This particular part of the journey leads you to places frequented by Larkin, both when he was alone and when in the company of others. It guides you to pubs where he enjoyed a pint (or something a little stronger on-the-rocks), pauses at places where he indulged his passion for jazz and takes you to the point from which he could look back at this ‘isolate city spread alongside water’ as he took the ferry over to Lincolnshire and back.

As with any city centre, some parts have changed radically over the years. Other streets look almost the same as they did decades ago. Hull’s fascinating Old Town, with its cobbles, porticos and intriguing staiths, is one such area. Tracing his footsteps across the city, you feel that wherever he was, Larkin was simply ‘here.’

No.1/11
Royal Hotel
Welcome to the Larkin Trail
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No.2/11
Royal Hotel
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No.3/11
Paragon Interchange
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No.4/11
City Hall
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No.5/11
Whitefriargate &
Marks & Spencer
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No.6/11
Land of Green Ginger
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No.7/11
Trinity Square
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No.8/11
The Pier &
Waiting Room
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No.9/11
High Street &
Ye Olde Black Boy
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No.10/11
The White Hart
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Crossing from Wilberforce House, the short walk along Gandhi Way brings you onto Alfred Gelder Street.

Over the road is The White Hart, another of the Old Town pubs favoured by Larkin. Built in 1904, it has a listed interior, including its Royal Doulton, curved bar. Its upstairs restaurant is a relatively recent addition.

It was at The White Hart, in 1977, that Larkin gave an informative and amusing talk to the Jazz Record Society entitled ‘My Life and Death as a Record Reviewer’.

Heading away from the direction of Drypool Bridge and towards the traffic lights, you will reach the statue of Charles Henry Wilson (1833-1907), shipowner and local benefactor. Beyond the statue stands The Guildhall, designed in the early 20th century by Edwin Cooper. During Larkin’s years in Hull, the large white building on the other side of Alfred Gelder Street, now apartments above a pub, was the city’s General Post Office, built in 1908-09.

From this junction, you can take in the architectural splendour of The Church of St Mary the Virgin and muse on what Larkin might have made of the shining dome above the adjacent Crown Court.

With St Mary’s Church behind you and The Guildhall to your left, continue along Wilberforce Drive. Its mighty monument soon rises into view and Wilberforce gazes along the length of Queen’s Gardens, a popular spot for students from the adjacent college and the venue for many events and festivals in the city.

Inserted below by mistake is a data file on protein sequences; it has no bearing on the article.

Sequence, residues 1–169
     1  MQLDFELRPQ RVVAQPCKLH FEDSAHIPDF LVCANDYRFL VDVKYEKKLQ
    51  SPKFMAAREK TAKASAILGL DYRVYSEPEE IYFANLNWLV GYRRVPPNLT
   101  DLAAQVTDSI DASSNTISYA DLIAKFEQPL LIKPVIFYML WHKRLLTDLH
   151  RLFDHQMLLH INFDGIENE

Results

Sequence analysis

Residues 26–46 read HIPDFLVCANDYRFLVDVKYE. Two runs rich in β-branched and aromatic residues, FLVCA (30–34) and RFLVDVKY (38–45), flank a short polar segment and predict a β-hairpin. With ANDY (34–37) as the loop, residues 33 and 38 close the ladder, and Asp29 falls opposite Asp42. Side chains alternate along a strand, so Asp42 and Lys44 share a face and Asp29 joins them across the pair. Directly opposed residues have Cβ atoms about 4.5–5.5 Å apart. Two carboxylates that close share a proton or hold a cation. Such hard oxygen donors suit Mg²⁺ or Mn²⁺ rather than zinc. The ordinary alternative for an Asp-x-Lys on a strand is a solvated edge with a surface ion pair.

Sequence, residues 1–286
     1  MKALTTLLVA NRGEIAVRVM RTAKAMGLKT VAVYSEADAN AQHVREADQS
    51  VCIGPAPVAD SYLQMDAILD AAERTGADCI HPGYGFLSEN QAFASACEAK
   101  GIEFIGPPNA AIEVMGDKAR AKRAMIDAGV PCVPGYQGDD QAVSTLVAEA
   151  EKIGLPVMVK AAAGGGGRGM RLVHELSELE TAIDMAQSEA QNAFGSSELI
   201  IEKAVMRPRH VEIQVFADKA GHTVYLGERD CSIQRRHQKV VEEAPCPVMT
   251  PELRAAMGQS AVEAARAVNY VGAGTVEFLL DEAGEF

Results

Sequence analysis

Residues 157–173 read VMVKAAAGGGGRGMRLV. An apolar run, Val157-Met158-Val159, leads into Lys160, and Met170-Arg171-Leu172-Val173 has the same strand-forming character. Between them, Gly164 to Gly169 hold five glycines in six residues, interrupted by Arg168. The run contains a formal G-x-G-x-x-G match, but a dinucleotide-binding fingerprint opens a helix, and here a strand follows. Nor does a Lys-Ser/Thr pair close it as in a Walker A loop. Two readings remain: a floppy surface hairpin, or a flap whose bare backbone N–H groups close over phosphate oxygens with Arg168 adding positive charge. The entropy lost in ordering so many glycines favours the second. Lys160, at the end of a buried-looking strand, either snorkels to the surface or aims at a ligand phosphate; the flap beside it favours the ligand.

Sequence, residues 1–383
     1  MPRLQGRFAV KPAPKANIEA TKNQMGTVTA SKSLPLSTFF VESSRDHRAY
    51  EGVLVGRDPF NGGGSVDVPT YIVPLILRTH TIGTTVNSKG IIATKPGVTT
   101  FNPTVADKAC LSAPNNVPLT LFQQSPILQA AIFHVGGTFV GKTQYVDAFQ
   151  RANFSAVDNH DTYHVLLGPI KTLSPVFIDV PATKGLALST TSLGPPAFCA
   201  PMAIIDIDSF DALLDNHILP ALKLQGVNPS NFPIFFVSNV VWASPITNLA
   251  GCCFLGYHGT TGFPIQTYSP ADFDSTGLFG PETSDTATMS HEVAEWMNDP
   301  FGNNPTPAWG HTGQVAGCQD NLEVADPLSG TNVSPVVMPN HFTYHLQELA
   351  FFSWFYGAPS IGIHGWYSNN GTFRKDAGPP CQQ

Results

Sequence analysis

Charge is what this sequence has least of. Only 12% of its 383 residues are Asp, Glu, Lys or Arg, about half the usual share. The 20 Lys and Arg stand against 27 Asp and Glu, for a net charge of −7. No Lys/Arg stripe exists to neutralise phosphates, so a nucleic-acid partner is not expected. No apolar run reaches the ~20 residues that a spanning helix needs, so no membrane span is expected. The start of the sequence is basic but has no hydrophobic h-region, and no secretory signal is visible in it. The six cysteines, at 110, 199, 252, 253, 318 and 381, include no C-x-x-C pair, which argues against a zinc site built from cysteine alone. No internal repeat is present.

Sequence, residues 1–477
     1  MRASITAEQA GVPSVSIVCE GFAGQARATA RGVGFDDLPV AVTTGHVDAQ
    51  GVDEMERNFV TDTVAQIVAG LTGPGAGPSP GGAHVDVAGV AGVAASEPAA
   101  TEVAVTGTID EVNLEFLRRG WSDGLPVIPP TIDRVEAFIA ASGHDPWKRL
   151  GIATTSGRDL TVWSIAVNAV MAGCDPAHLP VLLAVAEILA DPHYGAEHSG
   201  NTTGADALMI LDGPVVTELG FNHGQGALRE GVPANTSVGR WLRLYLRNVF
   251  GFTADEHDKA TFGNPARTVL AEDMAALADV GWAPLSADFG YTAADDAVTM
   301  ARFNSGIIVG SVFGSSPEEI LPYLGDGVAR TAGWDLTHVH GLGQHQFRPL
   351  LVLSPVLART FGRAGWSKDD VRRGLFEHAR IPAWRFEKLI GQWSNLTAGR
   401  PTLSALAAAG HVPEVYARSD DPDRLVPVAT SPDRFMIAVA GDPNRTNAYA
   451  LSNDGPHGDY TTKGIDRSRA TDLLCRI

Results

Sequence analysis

It might seem hard to believe that these delightful Gardens occupy the site of Hull’s first dock, which was opened in 1778 and renamed Queen’s Dock following the royal visit of 1854. When Larkin arrived in the city, the ships were long gone, as the dock was filled in during the 1930s.

Larkin’s Jazz

"It was one of Larkin's gifts to perceive and reveal humour in unlikely situations - at the same time, leaving one in no doubt as to his real feelings.  Persuaded to address the Hull Jazz Record Society  on "My Life and Death as a Record Reviewer", he played a characteristically jagged and angular piano solo by Thelonious Monk.  He then suggested mischievously that listening to Monk was like walking down a street, passing an open window, and hearing someone's sister practicing scales"
 
Jazzing with Larkin, John White
Larkin's Jazz sleevenotes, Larkin’s Jazz, Proper Records

Listen to an extract from Trombone Poetry/All What Jazz
This image was produced by Joe Johnson, as part of his Larkin25 commission. You can see the full collection of the images in the archive section of this website.

For Sidney Bechet

That note you hold, narrowing and rising, shakes
Like New Orleans reflected on the water,
And in all ears appropriate falsehood wakes,
 
Building for some a legendary Quarter
Of balconies, flower-baskets and quadrilles,
Everyone making love and going shares -

Oh, play that thing! Mute glorious Storyvilles
Others may license, grouping around their chairs
Sporting-house girls like circus tigers (priced

Far above rubies) to pretend their fads,
While scholars manqués nod around unnoticed
Wrapped up in personnels like old plaids.

On me your voice falls as they say love should,
Like an enormous yes. My Crescent City
Is where your speech alone is understood,

And greeted as the natural noise of good,
Scattering long-haired grief and scored pity.
A selection of Larkin’s huge collection of LPs, archived at the Hull History Centre
No.11/11
Hull History Centre
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Go to
Larkins Elsewhere
West to East
 
Go to
Larkins Here
Beyond the City Centre
© Larkin25 2014